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E-arts and E-minds

- a role for E-research in the arts and humanities?

Dr William Kilbride, Assistant Director, Archaeology Data Service, Dept of Archaeology, University of York

It's hard not to be impressed - and at times a little intimidated - by the relationship between innovative computing applications and cutting edge scientific research. It's often hard to know where one starts and the other stops. Famous examples, such as the serendipitous innovation of the world wide web, betray very many cases where necessity in one discipline has been the mother of invention for another. Viewed as a by-product of more serious endeavour, the Internet has rather more in common with Velcro and Teflon than the more familiar analogies of printing press or library.

The complicated interdependence of scientific research with innovative computing finds its most recent expression in 'E-science'. In formal terms E-science was a core programme of investment and development led by the Research Councils and supported by the government through the DTI and the Office for Science and Technology. At the heart of the programme was the identified need to support collaborative research through a distributed and global information architecture. The collaborative research finds expression in any number of virtual communities that are connected by shared research into grand challenges and with shared access to a complex and extensive information processing environment often referred as the Grid.

Astute readers will have noticed that these developments have tended to take place in the hard sciences. Although now more fashionably termed 'E-research' the leading proponents and test-bed applications are almost universally based in the positivist worlds of physics or chemistry rather than the interpretative world of critical hermeneutics. Arguably humanities researchers didn't need the Internet while the scientists were designing it, and so have been taken by surprise by the sudden ubiquity and have lacked the skills in depth to exploit it. More prosaically it could be argued that humanities research in the UK has only now come under the auspices of a research council and so humanities scholars have missed the opportunity afforded those in other sectors. Have we simply missed the boat or is there something inherent that inhibits humanities E-research?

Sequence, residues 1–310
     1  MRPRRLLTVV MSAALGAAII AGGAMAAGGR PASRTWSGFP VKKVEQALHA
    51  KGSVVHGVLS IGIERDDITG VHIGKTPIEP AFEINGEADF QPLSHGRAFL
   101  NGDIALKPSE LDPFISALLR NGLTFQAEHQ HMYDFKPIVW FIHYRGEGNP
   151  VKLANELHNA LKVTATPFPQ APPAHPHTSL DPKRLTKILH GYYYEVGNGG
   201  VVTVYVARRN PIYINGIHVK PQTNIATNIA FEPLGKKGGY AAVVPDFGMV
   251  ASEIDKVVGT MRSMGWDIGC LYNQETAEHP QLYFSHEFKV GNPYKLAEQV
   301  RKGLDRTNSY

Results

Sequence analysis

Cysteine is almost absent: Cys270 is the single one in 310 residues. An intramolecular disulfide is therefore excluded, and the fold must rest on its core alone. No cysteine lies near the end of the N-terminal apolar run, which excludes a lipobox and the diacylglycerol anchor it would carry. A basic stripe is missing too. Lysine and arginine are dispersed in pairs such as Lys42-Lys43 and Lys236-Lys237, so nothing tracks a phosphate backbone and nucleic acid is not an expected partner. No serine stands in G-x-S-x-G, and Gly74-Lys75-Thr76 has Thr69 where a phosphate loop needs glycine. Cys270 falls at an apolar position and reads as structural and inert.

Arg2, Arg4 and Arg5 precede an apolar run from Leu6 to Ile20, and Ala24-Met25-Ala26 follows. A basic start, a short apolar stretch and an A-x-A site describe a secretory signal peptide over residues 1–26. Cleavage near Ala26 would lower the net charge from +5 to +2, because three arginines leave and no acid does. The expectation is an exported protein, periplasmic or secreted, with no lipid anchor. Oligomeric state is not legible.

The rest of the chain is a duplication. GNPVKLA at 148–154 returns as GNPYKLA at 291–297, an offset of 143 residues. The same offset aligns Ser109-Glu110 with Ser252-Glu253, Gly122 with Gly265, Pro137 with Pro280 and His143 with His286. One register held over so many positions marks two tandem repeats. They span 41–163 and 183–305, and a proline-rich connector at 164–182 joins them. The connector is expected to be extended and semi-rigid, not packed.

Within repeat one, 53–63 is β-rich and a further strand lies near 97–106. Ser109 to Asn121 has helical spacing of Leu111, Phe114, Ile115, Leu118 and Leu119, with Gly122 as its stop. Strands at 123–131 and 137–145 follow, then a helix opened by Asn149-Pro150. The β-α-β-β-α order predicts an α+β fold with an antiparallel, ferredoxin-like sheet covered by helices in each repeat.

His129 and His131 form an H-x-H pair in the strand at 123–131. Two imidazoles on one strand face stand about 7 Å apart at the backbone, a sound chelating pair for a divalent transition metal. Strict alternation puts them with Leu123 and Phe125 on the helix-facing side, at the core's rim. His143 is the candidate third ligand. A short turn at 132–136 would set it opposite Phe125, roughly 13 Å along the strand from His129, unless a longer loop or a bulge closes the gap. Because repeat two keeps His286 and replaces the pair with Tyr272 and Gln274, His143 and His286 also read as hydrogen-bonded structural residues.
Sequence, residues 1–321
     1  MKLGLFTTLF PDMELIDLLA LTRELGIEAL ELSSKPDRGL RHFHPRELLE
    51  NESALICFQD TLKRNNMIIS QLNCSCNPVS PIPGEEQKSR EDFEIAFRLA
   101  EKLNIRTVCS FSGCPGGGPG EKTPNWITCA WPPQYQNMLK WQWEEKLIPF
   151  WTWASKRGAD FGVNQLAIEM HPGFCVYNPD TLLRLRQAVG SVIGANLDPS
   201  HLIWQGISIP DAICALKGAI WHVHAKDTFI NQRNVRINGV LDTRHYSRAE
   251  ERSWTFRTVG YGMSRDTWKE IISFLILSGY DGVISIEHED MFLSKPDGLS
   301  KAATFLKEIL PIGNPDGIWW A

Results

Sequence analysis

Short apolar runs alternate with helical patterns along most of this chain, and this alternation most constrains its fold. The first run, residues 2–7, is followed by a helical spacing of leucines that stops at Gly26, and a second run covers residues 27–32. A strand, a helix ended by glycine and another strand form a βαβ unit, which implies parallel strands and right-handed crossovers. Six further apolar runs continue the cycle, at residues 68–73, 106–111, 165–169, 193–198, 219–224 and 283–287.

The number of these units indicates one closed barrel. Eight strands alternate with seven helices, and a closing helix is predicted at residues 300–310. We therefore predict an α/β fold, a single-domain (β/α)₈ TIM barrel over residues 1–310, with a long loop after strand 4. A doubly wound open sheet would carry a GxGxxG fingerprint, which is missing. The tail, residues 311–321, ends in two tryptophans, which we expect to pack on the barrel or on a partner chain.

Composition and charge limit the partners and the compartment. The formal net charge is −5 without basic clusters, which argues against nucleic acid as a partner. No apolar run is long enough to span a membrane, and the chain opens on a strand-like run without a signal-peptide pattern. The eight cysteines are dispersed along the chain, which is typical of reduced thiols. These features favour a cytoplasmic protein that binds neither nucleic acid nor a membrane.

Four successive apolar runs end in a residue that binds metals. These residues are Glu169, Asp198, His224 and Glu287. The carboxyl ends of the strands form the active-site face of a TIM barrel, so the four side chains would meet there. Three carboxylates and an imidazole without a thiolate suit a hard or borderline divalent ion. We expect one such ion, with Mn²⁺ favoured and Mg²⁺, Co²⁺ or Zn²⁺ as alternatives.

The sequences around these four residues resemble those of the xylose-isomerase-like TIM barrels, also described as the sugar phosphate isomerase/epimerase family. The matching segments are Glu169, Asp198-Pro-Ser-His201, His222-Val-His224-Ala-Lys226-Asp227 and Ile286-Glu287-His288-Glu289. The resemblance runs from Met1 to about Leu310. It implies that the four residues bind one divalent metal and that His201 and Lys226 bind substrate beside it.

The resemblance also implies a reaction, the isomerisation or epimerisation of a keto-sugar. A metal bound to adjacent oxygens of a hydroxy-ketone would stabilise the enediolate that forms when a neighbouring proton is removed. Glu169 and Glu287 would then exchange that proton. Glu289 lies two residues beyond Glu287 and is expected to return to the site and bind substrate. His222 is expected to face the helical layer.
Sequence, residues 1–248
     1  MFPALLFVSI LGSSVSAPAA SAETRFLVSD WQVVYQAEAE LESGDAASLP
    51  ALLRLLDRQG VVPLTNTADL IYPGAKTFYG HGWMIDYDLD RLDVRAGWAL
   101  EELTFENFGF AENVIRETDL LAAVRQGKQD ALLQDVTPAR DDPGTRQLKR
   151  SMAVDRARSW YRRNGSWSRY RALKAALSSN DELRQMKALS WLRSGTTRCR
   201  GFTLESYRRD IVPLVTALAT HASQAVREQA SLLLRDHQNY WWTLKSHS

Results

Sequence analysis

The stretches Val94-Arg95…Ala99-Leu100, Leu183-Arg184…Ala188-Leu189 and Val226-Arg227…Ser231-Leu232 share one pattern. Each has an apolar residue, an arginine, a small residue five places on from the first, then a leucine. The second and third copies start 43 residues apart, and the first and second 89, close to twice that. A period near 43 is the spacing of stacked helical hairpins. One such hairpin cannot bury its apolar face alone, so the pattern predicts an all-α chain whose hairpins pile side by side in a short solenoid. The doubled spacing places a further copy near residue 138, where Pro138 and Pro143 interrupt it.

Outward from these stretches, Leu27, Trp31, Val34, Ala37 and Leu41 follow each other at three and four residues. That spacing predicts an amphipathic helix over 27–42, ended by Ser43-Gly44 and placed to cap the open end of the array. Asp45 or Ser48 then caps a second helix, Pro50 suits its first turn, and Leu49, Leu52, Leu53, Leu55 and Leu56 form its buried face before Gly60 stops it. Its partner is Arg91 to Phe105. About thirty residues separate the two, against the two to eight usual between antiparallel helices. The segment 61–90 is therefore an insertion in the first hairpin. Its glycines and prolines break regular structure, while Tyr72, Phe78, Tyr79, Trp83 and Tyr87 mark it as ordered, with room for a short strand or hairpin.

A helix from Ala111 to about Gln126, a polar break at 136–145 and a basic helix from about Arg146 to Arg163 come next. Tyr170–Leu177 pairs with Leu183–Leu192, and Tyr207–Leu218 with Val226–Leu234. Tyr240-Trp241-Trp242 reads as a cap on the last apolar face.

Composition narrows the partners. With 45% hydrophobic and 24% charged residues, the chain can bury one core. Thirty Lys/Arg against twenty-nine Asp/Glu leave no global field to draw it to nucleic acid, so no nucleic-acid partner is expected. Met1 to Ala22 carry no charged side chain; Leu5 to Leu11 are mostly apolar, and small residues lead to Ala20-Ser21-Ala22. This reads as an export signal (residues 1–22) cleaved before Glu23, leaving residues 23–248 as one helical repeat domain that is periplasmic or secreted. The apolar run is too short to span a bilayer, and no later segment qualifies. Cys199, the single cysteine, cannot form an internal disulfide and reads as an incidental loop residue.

It's easy to rehearse the structural problems. Humanities research is less likely to be collaborative than the sciences therefore less likely to require shared services; humanities research tends to be less well funded so finds it harder to buy expensive equipment or to retain highly qualified technical staff; humanities research places emphasis on periodicals and monographs as their principal outputs rather than technical processes or raw data.

Like all stereotypes, these arguments are only partially true. Humanities research has always been collaborative, even if the nature of the collaboration may be different. Although it is true that the humanities have less resource than other disciplines, many of these developments have taken place at an institutional level meaning the costs to individual scholars or departments are offset: moreover the humanities have a very good track record at presenting interesting case studies for technical research. Although RAE has concentrated minds on traditional outputs, it's clear that even the most traditional monographs and journals are changing rapidly.

More sophisticated objections emerge from the nature of humanities research. For example, very many tools developed on the semantic web take the subtleties of language for granted. The relationship between the dolphin and the whale can be expressed through traversing definitive nodes in a structured hierarchy; the relationship between colours can be expressed as a measurable wavelength; the actions of chemicals expressed as an equation. The relationships between Stalin and Ceausescu or Jane Austen and Virginia Woolf are more difficult to describe and, depending on your perspective, the consequences of the French Revolution may not yet be fully apparent. Naming things is not so simple and their relationships are seldom so clear cut.

It's a moot point whether this is a challenge that E-research cannot resolve or an opportunity it can't afford to miss. One way or another, E-research is here to stay: it's time that the Arts and Humanities got involved.